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Source: New Zealand Government

The Government has made good progress towards eliminating the gender pay gap in the Public Service, Minister for Women Julie Anne Genter announced today.

 The latest data from the annual Public Service Workforce Data Report, shows that the 2019 Public Service gender pay gap fell to 10.5% from 12.2% in 2018. The national gender pay gap (which is calculated using median pay rather than mean) is currently 9.3%.  The comparable figure in the Public Service using that method of calculation is now 6.2%.  

“This Government made it clear when we came into office that we are committed to eliminating the gender pay gap within the Public Service,” said Julie Anne Genter. 

“Reducing gender pay gaps takes concerted effort and it’s very pleasing to see such significant progress so soon. We are tracking well with the goals set out in the Government’s Gender Pay Gap Action Plan launched last year. 

“The Public Service gender pay gap is at its lowest point since measurement began in 2000. The 1.7% decrease in the last year is the largest annual reduction in the gap in 17 years.

“We have focused on starting salaries, countering bias and discrimination, paying people fairly for doing the same job, and increasing flexible work.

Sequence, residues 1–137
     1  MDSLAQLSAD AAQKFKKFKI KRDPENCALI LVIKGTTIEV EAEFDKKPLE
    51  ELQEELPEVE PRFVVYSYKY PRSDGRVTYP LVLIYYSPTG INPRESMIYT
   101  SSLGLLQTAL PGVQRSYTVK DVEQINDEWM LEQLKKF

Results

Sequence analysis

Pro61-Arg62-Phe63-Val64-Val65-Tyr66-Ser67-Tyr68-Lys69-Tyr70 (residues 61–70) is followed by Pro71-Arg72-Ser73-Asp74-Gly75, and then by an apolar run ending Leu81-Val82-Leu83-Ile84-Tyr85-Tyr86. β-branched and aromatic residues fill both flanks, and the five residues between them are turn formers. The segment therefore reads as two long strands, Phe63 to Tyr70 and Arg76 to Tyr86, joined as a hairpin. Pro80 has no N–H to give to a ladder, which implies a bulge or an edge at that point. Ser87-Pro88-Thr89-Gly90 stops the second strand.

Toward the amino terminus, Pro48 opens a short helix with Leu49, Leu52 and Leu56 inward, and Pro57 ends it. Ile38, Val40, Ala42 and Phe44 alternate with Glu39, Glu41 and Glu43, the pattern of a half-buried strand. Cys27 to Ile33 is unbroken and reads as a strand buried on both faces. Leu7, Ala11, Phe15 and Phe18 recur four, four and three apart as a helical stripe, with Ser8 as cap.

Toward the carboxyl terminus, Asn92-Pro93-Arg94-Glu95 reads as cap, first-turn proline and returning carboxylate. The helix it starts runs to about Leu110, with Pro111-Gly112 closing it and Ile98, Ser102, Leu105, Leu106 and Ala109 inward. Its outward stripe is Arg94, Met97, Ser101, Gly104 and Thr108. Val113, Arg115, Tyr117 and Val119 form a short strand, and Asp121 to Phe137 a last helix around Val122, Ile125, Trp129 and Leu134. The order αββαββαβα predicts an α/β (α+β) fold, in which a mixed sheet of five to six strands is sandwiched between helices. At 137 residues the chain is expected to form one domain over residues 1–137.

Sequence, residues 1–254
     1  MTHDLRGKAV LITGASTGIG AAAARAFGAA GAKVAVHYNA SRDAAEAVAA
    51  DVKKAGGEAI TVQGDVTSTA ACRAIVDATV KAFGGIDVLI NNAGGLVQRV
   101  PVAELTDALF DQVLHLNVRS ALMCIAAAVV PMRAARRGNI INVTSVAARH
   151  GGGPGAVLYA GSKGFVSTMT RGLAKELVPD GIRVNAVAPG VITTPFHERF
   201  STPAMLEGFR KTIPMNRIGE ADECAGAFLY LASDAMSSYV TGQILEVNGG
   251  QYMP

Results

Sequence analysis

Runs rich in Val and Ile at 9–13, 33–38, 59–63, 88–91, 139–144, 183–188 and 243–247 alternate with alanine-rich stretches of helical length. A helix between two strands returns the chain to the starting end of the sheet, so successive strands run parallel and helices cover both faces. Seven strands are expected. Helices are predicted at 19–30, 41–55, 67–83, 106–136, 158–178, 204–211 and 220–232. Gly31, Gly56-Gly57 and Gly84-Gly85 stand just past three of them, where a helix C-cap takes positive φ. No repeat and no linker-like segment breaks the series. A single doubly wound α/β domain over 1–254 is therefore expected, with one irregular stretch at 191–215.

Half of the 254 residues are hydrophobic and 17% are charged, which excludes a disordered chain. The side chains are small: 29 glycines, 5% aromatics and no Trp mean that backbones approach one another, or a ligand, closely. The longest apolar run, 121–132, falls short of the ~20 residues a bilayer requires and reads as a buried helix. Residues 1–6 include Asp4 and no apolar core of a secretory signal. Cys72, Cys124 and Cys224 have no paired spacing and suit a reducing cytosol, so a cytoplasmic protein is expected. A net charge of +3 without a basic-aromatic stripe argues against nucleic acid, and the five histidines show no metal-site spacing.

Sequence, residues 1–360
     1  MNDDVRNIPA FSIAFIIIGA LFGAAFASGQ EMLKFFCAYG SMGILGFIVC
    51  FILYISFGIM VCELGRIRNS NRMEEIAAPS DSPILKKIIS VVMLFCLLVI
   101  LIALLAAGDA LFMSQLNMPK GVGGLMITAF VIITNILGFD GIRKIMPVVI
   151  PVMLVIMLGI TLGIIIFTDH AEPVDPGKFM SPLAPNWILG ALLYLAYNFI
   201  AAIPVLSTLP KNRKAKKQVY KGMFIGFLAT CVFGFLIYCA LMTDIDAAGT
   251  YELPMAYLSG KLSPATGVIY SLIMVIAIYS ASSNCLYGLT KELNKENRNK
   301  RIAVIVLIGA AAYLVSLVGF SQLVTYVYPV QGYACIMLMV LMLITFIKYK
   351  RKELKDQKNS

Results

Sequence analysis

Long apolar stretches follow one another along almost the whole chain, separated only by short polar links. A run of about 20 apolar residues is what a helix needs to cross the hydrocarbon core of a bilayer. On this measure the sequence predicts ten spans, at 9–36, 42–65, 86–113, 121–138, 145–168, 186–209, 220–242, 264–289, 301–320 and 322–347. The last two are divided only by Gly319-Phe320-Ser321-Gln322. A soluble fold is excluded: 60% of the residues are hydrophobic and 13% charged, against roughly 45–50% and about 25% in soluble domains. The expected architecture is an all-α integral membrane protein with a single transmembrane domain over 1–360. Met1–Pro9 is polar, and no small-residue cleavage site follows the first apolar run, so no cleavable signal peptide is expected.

“Pay equity settlements, including support workers at the Ministry of Education and social workers at Oranga Tamariki, have delivered positive outcomes for Māori and Pacific women. The gender pay gap for Māori, Pacific and Asian women has reduced, although we still have a long way to go.

“We have developed tools and guidance for the public sector which the private sector can use and adapt for work on closing their gender pay gaps. The public and private sector can each learn from each other to improve workplaces for women.   

“The percentage of senior leadership roles held by women in the Public Service continues to rise. For Chief Executives, the gender balance is 50:50 – 17 are women and 17 men.

“The challenge now is to maintain the momentum we’ve started in our workplaces,” says Julie Anne Genter.

MIL OSI